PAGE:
It wasn’t until Sunday evening – more than two days after the accident – that NTSB officials revealed that Alsbury had unlocked SpaceShipTwo’s feather device too early during powered ascent. The spacecraft’s twin tail booms deployed due to aerodynamic forces. The ship hadn’t blown up; it had broken up.
It was jaw dropping. I couldn’t believe it. An experienced, highly skilled test pilot like Alsbury making such an elementary mistake. How could that have happened? I would have never imagined it.
Nor, it appears, did the engineers at Scaled Composites. They had built the feather system without a fail-safe system. As the NTSB put it in its investigative report released last month:
The National Transportation Safety Board determines that the probable cause of this accident was Scaled Composites’ failure to consider and protect against the possibility that a single human error could result in a catastrophic hazard to the SpaceShipTwo vehicle. This failure set the stage for the copilot’s premature unlocking of the feather system as a result of time pressure and vibration and loads that he had not recently experienced, which led to uncommanded feather extension and the subsequent aerodynamic overload and in-flight breakup of the vehicle.
And therein lay the real tragedy of SpaceShipTwo’s feather device. It was a safety system designed to deploy during re-entry to keep the spacecraft and its occupants from burning up in the Earth’s atmosphere.
Scaled Composites Founder Burt Rutan had designed it in response to an X-15 accident that had killed pilot Mike Adams in 1967. The rocket plane had entered the atmosphere sideways and broken up in hypersonic flight; Rutan was determined to make sure that would not happen to any of his spacecraft.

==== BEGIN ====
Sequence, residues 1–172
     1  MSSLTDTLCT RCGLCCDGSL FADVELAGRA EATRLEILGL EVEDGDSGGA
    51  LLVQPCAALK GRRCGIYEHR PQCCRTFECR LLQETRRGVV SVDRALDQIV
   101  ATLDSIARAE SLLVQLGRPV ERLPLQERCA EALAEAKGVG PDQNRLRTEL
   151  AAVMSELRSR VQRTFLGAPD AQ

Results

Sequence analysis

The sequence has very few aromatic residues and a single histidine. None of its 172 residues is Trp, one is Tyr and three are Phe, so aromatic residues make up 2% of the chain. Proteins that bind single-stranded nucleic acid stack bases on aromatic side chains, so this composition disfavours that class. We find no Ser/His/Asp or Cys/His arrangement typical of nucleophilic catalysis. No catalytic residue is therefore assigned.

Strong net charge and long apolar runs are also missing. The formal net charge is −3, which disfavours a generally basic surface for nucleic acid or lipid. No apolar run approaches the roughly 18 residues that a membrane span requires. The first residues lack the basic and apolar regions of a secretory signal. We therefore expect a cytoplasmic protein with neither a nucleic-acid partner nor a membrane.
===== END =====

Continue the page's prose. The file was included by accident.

That singular focus, however, led to less attention on what could happen if the feather was deployed earlier than planned. The designers just assumed it would never happen. They were very wrong. And the result was tragic.
In flight test, you can worry immensely about the obvious things. But, it’s sometimes the things you don’t see coming that can kill you.
A Learning Period’s Painful Lessons
Back in 2004, an emerging commercial human spaceflight industry fresh off the triumph of Rutan’s SpaceShipOne convinced Congress to approved an eight-year moratorium (since extended) on government regulations. The industry needed a learning period during which to experiment with different technologies without the burden of government requirements. The Federal Aviation Administration’s oversight would be strictly limited to responding to accidents and close calls.
Inherent in this approach was a central conceit: industry had little to learn from government’s experience in these matters. Bureaucrats would be a millstone around industry’s neck – slowing things down, driving up costs, and contributing little or nothing toward making systems efficient or safe. There was an arrogance that said: get out of our way, we know what we’re doing. We can do this better than you can.